SHELBY COUNTY, TN (WMC) - All year, lawmakers have wondered whether the growing pothole problem justifies a gas tax hike.
Congressman Steve Cohen and both the Shelby County and Memphis mayor's offices think the gas tax increase is necessary.
"Definitely trying to stretch our dollars the best we can," said Shelby County Roads, Bridges and Engineering Department Administrator Darren Sanders.
The $2 million in annual road paving funds come from the Tennessee State Gas Tax. Shelby County is only allocated enough money to fix 20 miles of roads.
"We have 800 miles of roadway in our inventory, and we have to prioritize based on our heavier volume roads," Sanders added. "Then, we step down from there."
In a recent report, the Tennessee comptroller says the state gas tax isn't enough to maintain existing roads. In order to match inflation, the state would need to raise the gas tax from 21.4 cents to 38 cents per gallon. That amounts to a 78 percent gas tax hike on top of the extra 18.4 cents per gallon for the federal gas tax.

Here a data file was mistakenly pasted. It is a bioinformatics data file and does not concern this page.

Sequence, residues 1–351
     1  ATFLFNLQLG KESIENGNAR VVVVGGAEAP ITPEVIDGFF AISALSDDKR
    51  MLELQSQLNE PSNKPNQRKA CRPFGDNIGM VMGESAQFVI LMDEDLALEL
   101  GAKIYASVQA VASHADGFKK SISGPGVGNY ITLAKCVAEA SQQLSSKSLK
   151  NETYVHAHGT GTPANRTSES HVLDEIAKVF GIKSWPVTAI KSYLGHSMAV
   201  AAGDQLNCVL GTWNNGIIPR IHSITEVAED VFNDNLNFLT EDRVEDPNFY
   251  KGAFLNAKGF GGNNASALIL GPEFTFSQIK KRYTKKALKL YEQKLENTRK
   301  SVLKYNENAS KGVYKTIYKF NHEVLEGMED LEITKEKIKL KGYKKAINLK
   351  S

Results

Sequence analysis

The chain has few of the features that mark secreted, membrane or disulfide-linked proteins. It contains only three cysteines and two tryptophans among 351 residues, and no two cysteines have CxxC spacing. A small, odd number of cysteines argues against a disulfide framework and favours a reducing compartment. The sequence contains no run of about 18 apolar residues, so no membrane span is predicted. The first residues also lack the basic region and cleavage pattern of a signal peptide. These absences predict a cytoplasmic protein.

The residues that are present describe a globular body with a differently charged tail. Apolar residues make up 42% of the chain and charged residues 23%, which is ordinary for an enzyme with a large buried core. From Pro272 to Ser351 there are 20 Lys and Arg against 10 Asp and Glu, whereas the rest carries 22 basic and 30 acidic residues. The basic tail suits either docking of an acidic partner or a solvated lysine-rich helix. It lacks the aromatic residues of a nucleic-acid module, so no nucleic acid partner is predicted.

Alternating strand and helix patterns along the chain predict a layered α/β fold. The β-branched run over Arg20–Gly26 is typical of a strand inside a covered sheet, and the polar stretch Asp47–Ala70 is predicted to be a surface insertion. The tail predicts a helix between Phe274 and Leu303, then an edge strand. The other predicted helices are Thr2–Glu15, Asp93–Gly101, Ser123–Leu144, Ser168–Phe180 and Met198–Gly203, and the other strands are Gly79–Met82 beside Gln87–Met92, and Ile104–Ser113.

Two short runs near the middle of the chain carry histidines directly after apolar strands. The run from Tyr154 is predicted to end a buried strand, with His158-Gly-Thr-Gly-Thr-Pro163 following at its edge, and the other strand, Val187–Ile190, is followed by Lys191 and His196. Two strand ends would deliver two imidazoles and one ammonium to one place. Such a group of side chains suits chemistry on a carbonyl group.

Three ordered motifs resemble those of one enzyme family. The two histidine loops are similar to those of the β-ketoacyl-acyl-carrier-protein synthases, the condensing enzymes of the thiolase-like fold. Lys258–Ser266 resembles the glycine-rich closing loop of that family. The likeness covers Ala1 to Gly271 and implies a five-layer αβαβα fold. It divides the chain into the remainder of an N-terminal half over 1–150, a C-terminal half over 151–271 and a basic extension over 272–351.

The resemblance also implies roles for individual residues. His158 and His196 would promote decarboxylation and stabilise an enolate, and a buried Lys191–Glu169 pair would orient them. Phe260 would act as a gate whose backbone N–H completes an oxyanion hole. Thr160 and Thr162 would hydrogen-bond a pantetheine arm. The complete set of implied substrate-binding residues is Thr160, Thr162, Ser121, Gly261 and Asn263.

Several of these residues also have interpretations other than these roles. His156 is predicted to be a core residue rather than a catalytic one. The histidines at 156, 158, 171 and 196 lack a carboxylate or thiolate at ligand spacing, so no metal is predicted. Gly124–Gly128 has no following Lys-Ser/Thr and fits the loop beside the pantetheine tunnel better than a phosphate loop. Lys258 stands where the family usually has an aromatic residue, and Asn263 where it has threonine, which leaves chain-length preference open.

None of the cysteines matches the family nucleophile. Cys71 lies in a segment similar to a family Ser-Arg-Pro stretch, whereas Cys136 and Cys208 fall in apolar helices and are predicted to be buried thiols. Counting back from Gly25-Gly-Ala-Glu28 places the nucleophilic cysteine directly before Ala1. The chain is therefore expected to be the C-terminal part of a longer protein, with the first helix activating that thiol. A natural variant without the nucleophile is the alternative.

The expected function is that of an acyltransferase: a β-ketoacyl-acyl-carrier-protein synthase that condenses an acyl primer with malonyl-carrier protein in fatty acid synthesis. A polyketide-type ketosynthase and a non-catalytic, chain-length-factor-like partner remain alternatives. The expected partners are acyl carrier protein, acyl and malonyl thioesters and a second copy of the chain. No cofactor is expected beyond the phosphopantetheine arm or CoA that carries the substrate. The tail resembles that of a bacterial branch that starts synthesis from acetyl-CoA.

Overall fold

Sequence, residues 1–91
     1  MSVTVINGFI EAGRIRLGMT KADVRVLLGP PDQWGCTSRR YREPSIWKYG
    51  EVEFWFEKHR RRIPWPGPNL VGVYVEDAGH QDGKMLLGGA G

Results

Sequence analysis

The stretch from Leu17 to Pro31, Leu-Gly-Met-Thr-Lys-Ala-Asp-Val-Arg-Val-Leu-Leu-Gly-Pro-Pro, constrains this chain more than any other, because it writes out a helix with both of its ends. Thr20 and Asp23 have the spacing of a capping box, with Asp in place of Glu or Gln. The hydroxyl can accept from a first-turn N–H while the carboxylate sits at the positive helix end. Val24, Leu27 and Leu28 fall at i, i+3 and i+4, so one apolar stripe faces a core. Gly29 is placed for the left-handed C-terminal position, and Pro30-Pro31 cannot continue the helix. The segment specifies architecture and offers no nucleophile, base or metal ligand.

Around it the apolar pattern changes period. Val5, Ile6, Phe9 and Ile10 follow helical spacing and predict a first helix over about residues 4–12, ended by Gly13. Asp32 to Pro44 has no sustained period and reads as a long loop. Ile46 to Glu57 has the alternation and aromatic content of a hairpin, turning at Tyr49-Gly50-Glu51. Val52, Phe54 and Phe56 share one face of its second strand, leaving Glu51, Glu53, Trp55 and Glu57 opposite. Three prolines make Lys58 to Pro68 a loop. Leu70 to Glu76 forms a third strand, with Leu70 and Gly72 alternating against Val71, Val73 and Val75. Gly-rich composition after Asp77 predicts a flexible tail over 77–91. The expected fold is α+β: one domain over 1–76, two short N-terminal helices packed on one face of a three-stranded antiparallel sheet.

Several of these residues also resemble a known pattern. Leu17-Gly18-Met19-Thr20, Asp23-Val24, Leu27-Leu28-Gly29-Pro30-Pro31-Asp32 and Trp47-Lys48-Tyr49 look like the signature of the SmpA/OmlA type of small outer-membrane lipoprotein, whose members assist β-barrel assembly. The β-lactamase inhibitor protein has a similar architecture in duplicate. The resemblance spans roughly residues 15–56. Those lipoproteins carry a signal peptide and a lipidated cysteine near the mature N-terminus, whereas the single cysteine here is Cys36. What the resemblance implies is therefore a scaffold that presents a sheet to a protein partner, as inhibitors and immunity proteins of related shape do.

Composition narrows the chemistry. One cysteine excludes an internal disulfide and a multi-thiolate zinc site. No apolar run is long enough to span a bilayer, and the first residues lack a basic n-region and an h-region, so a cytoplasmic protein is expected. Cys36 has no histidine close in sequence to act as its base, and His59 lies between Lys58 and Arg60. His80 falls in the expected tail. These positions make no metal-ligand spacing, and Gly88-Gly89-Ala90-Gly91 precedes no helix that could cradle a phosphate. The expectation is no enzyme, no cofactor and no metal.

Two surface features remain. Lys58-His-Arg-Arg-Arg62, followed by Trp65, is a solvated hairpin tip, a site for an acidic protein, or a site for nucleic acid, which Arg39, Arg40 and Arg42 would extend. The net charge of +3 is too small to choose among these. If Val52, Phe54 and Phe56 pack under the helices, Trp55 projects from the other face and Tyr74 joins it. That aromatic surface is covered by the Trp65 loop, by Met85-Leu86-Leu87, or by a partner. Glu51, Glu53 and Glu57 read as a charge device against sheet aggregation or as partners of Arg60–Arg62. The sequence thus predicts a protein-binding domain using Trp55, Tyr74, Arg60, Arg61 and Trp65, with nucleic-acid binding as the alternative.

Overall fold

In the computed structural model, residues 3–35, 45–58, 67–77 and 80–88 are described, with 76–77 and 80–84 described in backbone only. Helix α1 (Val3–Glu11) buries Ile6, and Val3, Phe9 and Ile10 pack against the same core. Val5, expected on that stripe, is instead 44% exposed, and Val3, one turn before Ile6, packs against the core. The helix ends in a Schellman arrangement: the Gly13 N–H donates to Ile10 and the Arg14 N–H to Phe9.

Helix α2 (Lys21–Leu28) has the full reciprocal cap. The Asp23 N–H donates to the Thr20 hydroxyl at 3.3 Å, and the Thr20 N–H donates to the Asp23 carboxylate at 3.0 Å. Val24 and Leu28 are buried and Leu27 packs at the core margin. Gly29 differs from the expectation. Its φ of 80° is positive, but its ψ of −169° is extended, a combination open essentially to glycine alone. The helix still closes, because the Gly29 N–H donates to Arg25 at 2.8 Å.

The tax increase would bring in an additional $148 million dollars for TDOT maintenance, repair, and construction of roads and bridges.
Some taxpayers have been waiting 40 years to get their roads repaved. In unincorporated Shelby County, residents have a tough time getting crews to fix problems on their less-traveled roadways.
Now, these taxpayers may have to wait longer after a particularly icy winter.
"The higher volume roads, they're going to be paved more often, which actually could push back some roads that are lower-volume," Sanders explained.
No bills are currently on the docket to increase the gas tax, and a tax hike may not happen until next year. Still, lawmakers think it's an option worth debating.
Some citizens are upset about the possible tax hike, but recognize the necessity for more funds.
"If there's another option, I think they should definitely seek that out," said driver Melissa Peterman. "If that's the only option, I guess we really don't have much of a choice, do we?"